Mike Leach, Gus Malzahn and Lincoln Riley share thoughts on dual responsibility of coaching and play calling

Mississippi State head coach Mike Leach is known for building potent offenses, directing passing-oriented teams in a spread offensive system known as the air raid offense, and producing not-so sought after quarterbacks into touchdown throwing, point producing machines.

In the world of Power 5 college football, the vast majority of coaches tend to leave the responsibility of play calling to their offensive coordinators. The question has long been pondered about whether head coaches at the professional level and major college football can manage the duties of both being the head coach while also being the offensive coordinator.

During an interview with John Hoover, who covers the Oklahoma Sooners for Sports Illustrated, Leach stated that being a head coach and play caller can often times be too much to handle. Hoover also spoke with Auburn’s Gus Malzahn and Oklahoma’s Lincoln Riley about the difficulty of the dual responsibility.

Mike Leach

“If you’re coordinating and calling plays and you’re the head coach, it’s too big of a job.”

“I mean, it’s too big of a job. OK, but then if you withdraw yourself from it and you’re not coordinating or coaching your position, then I don’t feel involved enough. And then it’s too little of a job. I think we’d all like to hit that middle … that neutral place where it’s perfect and kind of your thing. It’s either harder than you’d like, or not as involved as you’d like. And so I never have been able to achieve that perfect spot.”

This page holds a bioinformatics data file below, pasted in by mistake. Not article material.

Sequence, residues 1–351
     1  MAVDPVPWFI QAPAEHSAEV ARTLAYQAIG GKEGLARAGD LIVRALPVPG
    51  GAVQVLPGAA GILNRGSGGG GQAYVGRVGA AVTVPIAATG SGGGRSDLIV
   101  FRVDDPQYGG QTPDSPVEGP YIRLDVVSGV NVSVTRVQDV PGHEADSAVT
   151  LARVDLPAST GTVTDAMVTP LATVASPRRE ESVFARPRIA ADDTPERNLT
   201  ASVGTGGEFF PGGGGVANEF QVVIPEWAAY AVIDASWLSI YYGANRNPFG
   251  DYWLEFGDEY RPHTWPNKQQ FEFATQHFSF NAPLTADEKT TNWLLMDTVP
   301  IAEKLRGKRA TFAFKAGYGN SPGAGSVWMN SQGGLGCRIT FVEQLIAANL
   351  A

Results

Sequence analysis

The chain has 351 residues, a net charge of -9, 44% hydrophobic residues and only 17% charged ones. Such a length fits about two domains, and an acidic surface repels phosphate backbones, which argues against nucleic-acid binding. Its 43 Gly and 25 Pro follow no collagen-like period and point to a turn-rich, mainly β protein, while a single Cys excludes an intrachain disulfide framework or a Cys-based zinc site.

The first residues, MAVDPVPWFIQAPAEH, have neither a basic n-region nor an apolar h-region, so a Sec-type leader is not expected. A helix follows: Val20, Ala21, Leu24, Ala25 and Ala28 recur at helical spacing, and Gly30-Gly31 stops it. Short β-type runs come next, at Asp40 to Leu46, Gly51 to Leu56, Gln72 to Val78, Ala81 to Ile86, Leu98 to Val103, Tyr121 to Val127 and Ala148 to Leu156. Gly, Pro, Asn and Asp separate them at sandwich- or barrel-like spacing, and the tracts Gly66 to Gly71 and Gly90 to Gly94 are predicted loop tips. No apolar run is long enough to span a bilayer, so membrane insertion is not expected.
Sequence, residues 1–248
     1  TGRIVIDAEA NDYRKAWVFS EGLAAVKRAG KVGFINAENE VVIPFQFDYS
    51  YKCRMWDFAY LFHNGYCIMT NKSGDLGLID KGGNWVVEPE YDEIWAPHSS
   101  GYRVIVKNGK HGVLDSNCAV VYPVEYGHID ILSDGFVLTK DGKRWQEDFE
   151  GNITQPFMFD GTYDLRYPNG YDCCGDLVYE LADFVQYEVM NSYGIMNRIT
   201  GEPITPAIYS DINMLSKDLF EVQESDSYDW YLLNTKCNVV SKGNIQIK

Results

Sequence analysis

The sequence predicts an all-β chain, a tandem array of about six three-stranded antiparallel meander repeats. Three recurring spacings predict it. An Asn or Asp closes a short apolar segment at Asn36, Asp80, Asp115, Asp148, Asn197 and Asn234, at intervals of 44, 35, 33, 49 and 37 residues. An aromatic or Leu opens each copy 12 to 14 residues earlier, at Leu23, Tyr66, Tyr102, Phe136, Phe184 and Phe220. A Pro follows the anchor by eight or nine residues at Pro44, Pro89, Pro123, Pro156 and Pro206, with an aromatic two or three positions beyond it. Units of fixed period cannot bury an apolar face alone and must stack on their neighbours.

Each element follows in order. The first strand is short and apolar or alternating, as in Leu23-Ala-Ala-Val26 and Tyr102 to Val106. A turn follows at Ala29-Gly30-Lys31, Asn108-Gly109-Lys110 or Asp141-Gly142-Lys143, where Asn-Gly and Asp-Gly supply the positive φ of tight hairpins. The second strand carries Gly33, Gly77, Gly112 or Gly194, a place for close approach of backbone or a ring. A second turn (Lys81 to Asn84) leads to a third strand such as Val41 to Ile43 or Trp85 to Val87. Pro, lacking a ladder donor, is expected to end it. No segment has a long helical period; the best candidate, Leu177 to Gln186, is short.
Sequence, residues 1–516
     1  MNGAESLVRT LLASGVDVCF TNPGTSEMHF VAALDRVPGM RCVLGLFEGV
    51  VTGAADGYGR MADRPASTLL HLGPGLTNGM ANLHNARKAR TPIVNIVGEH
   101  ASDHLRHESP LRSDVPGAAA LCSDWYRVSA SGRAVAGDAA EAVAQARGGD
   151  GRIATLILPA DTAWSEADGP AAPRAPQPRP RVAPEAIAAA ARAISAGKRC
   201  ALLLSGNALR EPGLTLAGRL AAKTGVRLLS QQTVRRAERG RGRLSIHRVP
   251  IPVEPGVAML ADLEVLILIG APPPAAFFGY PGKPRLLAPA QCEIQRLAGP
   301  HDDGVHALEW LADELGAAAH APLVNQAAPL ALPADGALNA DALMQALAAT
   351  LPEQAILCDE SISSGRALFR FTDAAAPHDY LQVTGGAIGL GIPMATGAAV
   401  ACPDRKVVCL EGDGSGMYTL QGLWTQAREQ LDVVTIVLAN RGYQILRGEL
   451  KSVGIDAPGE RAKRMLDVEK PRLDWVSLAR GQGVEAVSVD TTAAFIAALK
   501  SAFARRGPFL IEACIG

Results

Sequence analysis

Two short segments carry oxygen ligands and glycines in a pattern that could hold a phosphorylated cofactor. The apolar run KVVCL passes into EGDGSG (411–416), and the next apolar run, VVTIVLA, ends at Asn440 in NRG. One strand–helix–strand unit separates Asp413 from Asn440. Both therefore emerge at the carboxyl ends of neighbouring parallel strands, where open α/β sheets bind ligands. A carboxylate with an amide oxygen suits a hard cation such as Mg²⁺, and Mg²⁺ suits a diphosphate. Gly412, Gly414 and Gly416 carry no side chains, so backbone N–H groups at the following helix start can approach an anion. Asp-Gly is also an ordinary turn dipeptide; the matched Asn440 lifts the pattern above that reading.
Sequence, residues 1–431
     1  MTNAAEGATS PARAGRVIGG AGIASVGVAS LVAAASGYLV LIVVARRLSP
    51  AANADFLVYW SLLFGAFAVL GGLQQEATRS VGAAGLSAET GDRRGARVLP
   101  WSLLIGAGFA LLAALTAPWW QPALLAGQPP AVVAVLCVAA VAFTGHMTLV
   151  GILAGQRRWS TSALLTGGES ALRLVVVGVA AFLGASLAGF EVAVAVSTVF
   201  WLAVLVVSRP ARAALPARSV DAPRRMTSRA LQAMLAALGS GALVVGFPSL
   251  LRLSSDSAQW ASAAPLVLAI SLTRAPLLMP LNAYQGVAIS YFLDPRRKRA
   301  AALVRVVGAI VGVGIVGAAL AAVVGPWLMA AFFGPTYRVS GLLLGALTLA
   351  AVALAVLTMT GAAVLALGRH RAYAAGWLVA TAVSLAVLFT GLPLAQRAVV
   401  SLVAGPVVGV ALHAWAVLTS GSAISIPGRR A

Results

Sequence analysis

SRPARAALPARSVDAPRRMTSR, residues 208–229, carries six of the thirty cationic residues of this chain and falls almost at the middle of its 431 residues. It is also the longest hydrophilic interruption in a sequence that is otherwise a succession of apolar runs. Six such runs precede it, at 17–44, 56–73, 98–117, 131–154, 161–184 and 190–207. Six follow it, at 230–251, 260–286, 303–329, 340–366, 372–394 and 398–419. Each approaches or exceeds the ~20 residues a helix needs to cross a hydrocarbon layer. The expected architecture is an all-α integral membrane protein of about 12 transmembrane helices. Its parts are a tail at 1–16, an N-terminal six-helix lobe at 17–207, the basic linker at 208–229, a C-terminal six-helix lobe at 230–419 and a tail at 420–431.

Gus Malzahn on the crucial responsibility

“Since I’ve been been in this league (as) a head coach, each year, the head coaching job description has gotten more and more complicated. Just the time-consuming (element) that it takes to prepare a game plan and all the ins and outs with the staff and then trying to balance that with taking care of your team and spending enough time with your players and the relationship with your overall team, and the dynamic from offense, defense — it’s really all of the above.”

Lincoln Riley, who worked under Leach for eight years at Texas Tech, says he needs to do a better job

“There’s things with this team I need to do a better job with. Now, I don’t need to do a better job because I’m also the offensive coordinator. I need to do a better job because I need to do a better job. And I certainly can. Being the OC doesn’t have anything to do with that, in my mind.”

The Sports Illustrated story also discusses the new world of college football and the complexity of being a head coach while adapting to the difficult challenges that COVID-19 has produced for coaches.

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